Endoneurial matrix metalloproteinase 9 (MMP-9), which is involved in the pathogenesis of inflammatory demyelinating diseases of the central and peripheral nervous systems, was suggested as an additional possible helpful biomarker in the differential diagnosis between CIDP+DM and DSP.51 However, additional research is required to confirm this observation.

Therapy should be initiated early in the course of CIDP to prevent continuing demyelination and secondary axonal loss leading to permanent disability.10 The most widely used treatments for CIDP consists of intravenous immune globulins, plasma exchange, and corticosteroids, with improvement in up to 80 % of patients.52 However, response to treatment is short lived, with most patients requiring ongoing intermittent therapy.53 Monoclonal antibody therapies, such as rituximab and natalizumab, are promising future treatments for CIDP, but need further research to document their efficacy.31

Treatment response rates in CIDP+DM patients are similar compared with CIDP-DM patients.13–15,50 However, the degree of improvement might be less favorable, probably reflecting the additive effects of superimposed DSP in patients who develop CIDP.14 In a retrospective study of 134 CIDP patients, including 67 CIDP+DM patients and 67 CIDP-DM patients, Dunnigan et al. found similar response rates between CIDP+DM and CIDP-DM patients (51 % versus 55 %), although CIDP+DM patients were less likely to receive treatment (57 % versus 93 %)13 Similarly, Rotta et al. found similar response rates between CIDP+DM and CIDP-DM patients (75 % versus 72 %), but again, CIDP+DM patients were treated less frequently (52 % versus 72 %).15 In their prospective study, Sharma et al. found that 80.8 % of CIDP+DM patients had significant improvement in their neurologic deficits at the end of 4 weeks of therapy with intravenous immunoglobulin (IVIG) treatment.26 In a smaller cohort of 14 CIDP+DM patients and 60 CIDP-DM patients, Gorson et al. found also a similar response rate to treatment, but the magnitude of improvement was considerably lower in CIDP+DM patients, manifested by lower mean strength score of the tibialis anterior, and lower follow-up mean Medical Research Council (MRC) and Rankin disability scores.14

Prediction of treatment outcome has been related to the pattern of weakness,54 the presence of monoclonal gammopathy,55,56 distribution patterns of conduction abnormalities,57 the selection of electrodiagnostic criteria,58 and disease duration.13 Abraham et al. found that the presence of abnormalities meeting the EFNS/PNS and AAN criteria for demyelination, as well as the number of demyelinating features, predicted higher treatment response rates in CIDP-DM patients.59 For example, in CIDP-DM patients fulfilling EFNS/PNS criteria a response rate of 63 % was observed in contrast to a 35 % response rate in those who did not meet these criteria. However, a similar pattern of treatment response was not observed in CIDP+DM patients. Instead, CIDP+DM responders were found to have unique electrophysiologic characteristics including longer peroneal F wave latencies, a higher percentage of conduction blocks in the tibial nerves, and lower median nerve CMAP amplitudes and these findings were not demonstrated in CIDP-DM patients. In summary, the EFNS/PNS and AAN criteria did not predict treatment responsiveness in CIDP+DM patients. Also, in CIDP-DM patients, there were patients who did not meet the criteria but still responded to treatment.59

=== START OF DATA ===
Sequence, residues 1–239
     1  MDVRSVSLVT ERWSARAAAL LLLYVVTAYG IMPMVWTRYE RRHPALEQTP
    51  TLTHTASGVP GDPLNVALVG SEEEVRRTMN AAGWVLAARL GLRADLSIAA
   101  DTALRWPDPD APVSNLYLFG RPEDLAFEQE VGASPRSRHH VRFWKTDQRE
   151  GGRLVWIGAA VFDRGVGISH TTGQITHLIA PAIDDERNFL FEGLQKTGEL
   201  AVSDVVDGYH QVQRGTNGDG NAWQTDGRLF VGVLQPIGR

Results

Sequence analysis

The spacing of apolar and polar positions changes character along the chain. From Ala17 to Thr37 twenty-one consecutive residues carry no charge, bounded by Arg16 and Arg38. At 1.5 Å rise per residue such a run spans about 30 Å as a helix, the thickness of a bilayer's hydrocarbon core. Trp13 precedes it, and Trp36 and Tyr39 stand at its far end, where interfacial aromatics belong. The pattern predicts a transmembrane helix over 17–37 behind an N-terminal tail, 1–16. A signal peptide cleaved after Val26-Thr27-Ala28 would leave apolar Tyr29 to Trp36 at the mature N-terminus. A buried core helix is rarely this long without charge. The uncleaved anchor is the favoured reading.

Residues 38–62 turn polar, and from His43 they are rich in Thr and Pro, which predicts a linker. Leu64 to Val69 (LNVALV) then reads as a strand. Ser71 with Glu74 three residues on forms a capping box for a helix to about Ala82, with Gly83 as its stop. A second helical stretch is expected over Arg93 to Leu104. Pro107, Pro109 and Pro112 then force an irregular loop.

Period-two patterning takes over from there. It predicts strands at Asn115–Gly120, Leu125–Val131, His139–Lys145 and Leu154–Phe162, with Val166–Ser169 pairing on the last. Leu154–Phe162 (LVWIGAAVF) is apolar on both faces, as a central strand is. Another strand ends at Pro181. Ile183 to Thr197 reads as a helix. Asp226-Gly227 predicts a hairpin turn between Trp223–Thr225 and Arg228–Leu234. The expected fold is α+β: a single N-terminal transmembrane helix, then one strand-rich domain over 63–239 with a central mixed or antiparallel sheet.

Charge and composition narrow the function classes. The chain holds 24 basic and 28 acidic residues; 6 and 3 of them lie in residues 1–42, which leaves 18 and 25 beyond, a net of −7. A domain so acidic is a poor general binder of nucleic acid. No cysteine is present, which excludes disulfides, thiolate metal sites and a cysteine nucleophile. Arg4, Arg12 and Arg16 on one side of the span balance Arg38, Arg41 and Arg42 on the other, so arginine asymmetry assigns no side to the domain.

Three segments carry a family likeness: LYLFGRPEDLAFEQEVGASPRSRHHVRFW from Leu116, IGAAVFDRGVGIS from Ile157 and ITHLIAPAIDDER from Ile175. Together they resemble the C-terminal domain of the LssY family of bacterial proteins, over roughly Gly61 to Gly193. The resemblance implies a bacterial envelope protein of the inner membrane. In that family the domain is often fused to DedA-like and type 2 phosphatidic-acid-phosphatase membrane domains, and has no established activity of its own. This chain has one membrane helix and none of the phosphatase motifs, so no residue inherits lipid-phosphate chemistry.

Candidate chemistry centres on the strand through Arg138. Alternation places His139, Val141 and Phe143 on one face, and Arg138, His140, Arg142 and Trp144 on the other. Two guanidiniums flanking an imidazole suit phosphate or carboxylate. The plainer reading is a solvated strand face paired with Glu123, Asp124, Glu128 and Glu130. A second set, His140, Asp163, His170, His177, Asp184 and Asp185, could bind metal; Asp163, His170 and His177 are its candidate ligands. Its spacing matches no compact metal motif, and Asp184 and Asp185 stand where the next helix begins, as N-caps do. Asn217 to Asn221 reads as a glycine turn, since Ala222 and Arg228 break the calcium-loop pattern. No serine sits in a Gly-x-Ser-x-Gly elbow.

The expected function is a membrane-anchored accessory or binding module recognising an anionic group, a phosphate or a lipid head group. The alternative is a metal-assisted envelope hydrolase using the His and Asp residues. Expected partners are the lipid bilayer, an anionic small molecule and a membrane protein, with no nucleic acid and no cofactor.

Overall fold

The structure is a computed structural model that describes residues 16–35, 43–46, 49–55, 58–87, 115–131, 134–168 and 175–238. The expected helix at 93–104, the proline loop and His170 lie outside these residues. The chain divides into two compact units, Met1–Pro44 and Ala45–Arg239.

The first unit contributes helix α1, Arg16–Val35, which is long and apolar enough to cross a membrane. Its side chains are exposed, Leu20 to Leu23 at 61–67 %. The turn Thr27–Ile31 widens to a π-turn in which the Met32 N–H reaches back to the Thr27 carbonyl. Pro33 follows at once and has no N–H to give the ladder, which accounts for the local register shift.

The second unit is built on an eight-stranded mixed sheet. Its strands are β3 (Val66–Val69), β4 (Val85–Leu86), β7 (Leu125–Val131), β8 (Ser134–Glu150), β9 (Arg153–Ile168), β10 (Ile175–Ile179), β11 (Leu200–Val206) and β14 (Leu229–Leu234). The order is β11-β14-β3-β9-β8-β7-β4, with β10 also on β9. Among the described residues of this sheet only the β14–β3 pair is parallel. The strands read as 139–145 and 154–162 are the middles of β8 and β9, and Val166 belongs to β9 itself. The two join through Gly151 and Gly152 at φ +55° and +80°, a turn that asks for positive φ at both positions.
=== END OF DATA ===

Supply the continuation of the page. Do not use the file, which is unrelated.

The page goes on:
CIDP is a treatable disease, with treatment response rates up to 80 %.10 Although the prevalence of CIDP in DM patients was found to be high in some studies,15,26 others have failed to show this relationship.9,27 Nonetheless, treatment response rates in CIDP+DM patients are similar to rates in CIDP-DM patients,13–15,50 although the degree of improvement might be more limited, due to additive effects of superimposed DSP.14 Although therapy should be initiated early in the course of the disease to prevent continuing demyelination and secondary axonal loss leading to permanent disability,10 CIDP+DM patients are less likely to receive immune therapies,13 possibly due to the greater challenge of diagnosing CIDP in these patients. This problematic systematic failure to identify and treat CIDP in patients with diabetes requires immediate clinical attention and further research. Any polyneuropathy in DM patients that is not distal, symmetric, or sensory predominant, or that has features compatible with demyelination on nerve conduction studies, should raise the possibility of an alternative diagnosis such as CIDP, which is highly treatable, and therefore requires further specialized neurologic investigation.

Article Information:

Alon Abraham, MD, Majed Alabdali, MD, Mohammad Qrimli, MD, Ari Breiner, MD, and Carolina Barnett, MD, have no conflicts of interest to declare. Hans D Katzberg, MD, has received research grants and speaker support from Grifols; research grants, advisory board honoraria, and speaker support from CSL Behring; and speaker/travel support from Genzyme Canada. Bruce A Perkins, MD, serves as an advisor to Neurometrix Inc. Vera Bril, MD, has been a consultant for Bionevia, CSL, Dainnipon Sumitomo, Eisai, Grifols, Lilly, and Pfizer, and has received research support from all the companies listed in her disclosure. No funding was received in the publication of this article.


Vera Bril, MD, Toronto General Hospital 200 Elizabeth Street, Room 5 EB 309, Toronto, Ontario, Canada M5G 2C4. E:

Open Access: This article is published under the Creative Commons Attribution Noncommercial License, which permits any noncommercial use, distribution, adaptation, and reproduction provided the original author(s) and source are given appropriate credit.